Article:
Catalog

Children

Quotes

Cahill & McGill-Franzen on trans-literacy

Reading e-books promotes traditional literacy skills and is particularly supportive in the area of vocabulary development, and young children’s interaction with enhanced digital books also advances their facility to communicate and comprehend across modes and platforms, sometimes called trans-literacy development.


Do you believe in Hobbes?

One day, I asked Otis what he thought of Hobbes. “What do you believe? Is he real or is he stuffed?” In a tone that connoted my knucklehead status, my son answered, “He’s a real tiger, but for some reason grown-ups think he’s a stuffed animal. I guess they just don’t know any better.”

His explanation silenced me. I realized I’d made a grave mistake. I was one of the (stupid) grown-ups. [...] Whether Hobbes was live or stuffed was beside the point. To believe in Hobbes is to believe in the power of imagination.


Kucirkova on self-reading children’s books

For Kucirkova, improving digital books is a matter of “social justice”. “Unfortunately, many digital books are of really low quality,” she said. “We mustn’t forget that there are many families where reading is not an activity that adults enjoy and they might not enjoy it with their children. So in those families, having a book that reads to the child is a huge asset. At the very least, we need to equalize the quality of the two formats.”

“I’m not saying that the digital book can ever replace the loving adult. I’m just saying that it can be a good substitute if there is nothing else,” she added.


Yuill on shared e-books

We believe that designers could think more about how [e-books] can be designed for sharing [...] Book Trust figures report a drop from 86 per cent of parents reading with their five-year-olds to just 38 per cent with 11-year-olds. There is a possibility that the clever redesign of e-books and tablets might just slow that trend.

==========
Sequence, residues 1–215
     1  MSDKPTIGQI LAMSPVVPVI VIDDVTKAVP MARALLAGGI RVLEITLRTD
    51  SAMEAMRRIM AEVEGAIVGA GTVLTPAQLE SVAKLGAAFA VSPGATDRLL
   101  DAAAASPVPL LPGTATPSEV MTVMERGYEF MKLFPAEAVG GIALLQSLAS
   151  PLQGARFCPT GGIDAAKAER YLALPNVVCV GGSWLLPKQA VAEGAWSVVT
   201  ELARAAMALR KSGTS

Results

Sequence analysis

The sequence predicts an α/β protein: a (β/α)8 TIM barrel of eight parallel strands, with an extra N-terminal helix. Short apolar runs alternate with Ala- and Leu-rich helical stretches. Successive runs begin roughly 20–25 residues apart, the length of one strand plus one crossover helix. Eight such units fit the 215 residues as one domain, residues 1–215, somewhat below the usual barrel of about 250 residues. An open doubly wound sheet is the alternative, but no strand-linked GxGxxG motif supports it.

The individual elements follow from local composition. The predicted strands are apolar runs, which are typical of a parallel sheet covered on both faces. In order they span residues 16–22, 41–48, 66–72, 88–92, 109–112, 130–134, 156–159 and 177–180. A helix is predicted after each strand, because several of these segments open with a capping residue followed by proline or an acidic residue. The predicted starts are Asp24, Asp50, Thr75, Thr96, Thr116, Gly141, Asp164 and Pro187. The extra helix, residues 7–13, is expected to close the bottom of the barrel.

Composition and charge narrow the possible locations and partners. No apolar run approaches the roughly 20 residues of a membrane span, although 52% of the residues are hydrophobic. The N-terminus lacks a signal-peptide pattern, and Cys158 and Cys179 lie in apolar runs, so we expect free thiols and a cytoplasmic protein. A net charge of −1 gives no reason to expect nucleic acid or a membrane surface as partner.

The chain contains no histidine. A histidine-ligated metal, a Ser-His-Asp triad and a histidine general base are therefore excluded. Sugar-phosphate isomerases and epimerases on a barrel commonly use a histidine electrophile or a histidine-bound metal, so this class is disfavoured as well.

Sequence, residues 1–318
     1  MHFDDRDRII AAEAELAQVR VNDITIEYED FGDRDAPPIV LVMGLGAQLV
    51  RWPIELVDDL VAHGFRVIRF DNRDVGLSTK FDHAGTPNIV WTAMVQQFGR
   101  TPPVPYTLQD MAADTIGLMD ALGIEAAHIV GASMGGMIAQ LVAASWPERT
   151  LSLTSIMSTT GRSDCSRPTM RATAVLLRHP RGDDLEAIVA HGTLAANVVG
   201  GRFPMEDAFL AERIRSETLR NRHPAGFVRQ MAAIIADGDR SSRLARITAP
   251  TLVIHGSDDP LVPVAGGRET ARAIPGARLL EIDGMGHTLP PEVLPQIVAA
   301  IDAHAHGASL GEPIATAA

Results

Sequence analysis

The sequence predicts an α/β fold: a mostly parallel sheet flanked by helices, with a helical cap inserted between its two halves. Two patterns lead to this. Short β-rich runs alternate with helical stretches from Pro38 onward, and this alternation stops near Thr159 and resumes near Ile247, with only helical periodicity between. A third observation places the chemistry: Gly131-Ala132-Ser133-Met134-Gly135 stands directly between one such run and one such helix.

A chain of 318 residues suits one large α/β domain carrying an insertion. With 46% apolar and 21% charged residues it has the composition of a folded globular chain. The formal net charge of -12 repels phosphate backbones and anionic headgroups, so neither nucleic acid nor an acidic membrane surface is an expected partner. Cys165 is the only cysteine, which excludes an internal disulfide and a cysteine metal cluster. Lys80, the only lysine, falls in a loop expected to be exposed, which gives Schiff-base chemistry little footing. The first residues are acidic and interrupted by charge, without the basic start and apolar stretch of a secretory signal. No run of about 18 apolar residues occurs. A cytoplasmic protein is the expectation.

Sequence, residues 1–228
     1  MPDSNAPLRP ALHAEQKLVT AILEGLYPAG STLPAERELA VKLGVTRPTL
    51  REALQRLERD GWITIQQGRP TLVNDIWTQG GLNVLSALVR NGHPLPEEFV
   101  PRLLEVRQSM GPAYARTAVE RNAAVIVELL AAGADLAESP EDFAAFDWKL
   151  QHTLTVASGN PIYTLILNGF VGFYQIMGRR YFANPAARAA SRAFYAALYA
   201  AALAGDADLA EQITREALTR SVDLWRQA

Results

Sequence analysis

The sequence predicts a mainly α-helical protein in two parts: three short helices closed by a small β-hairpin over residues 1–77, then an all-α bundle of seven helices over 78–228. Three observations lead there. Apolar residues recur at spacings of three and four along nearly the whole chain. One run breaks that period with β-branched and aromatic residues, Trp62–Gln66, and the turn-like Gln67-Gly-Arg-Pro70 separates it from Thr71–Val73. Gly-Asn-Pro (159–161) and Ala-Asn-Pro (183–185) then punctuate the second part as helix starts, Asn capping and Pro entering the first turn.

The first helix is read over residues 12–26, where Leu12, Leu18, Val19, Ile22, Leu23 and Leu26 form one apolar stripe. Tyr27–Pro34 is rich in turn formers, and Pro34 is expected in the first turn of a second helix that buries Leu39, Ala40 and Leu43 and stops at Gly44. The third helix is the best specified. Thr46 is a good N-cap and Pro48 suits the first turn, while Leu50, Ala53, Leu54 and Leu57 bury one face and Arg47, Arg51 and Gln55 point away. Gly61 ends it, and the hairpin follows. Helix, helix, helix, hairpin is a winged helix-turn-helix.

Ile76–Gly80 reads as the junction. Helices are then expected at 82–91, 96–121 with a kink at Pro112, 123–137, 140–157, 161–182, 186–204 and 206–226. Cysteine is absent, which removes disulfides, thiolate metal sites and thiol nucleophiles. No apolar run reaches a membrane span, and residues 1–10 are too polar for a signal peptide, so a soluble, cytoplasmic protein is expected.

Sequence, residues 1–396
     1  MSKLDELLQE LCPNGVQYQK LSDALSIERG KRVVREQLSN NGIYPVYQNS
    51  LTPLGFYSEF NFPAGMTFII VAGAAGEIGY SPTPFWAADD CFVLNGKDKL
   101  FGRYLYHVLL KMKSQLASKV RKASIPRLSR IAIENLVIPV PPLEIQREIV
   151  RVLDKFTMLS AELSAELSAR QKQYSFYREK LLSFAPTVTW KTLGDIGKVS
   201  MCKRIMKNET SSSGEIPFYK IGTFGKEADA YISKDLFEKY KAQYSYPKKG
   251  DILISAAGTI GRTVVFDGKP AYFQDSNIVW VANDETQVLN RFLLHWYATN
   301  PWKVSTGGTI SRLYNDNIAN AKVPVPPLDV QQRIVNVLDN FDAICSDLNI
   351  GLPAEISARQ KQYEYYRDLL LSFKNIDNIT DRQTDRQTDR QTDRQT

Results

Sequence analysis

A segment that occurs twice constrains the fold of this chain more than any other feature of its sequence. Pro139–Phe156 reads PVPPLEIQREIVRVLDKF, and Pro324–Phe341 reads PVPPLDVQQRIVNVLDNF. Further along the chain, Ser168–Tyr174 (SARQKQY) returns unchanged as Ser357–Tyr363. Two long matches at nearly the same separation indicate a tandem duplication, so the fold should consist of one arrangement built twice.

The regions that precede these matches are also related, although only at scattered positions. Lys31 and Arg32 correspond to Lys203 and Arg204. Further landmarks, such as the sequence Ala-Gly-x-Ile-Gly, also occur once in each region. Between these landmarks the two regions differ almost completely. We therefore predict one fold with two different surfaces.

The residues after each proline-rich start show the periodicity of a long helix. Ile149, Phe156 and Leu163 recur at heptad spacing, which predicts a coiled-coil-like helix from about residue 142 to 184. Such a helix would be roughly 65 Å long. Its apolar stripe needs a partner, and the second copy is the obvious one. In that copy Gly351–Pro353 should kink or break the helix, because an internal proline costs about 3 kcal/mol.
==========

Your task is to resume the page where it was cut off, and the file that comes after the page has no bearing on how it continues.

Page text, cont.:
Marsh on contemporary digital cultures

[...] contemporary digital cultures provide rich opportunities for the promotion of play that is rooted in children’s everyday experiences. This is not [...] an inferior form of play; rather, it sits alongside more traditional play activities and is important for creative development


Takacs on children’s multimedia

As motion and zooming may direct children’s attention to a detail of the illustration in a similar way as an adult pointing at the detail and providing comments or explanations, multimedia may be just as beneficial in supporting story and language comprehension as interaction with an adult explaining the meanings of the story and sophisticated words in the narration.


Yuill & Martin on children in ‘head-down’ position

When children read from a screen, they tended to hold the tablet in a ‘head-down’ posture typical of solo uses [...] leading [the mothers] to curl round behind the child in order to ‘shoulder-surf’ the screen, rather than adopting the ‘curled-up’ position common when reading the paper book.


Yuill & Martin on dyadic synchronal posturing

[...] when a mother read from paper, she often held the book between herself and the child, with the child very close to her, either tucked under her arm to facilitate visual sharing or in a very relaxed posture with audio sharing, but little sight of the book.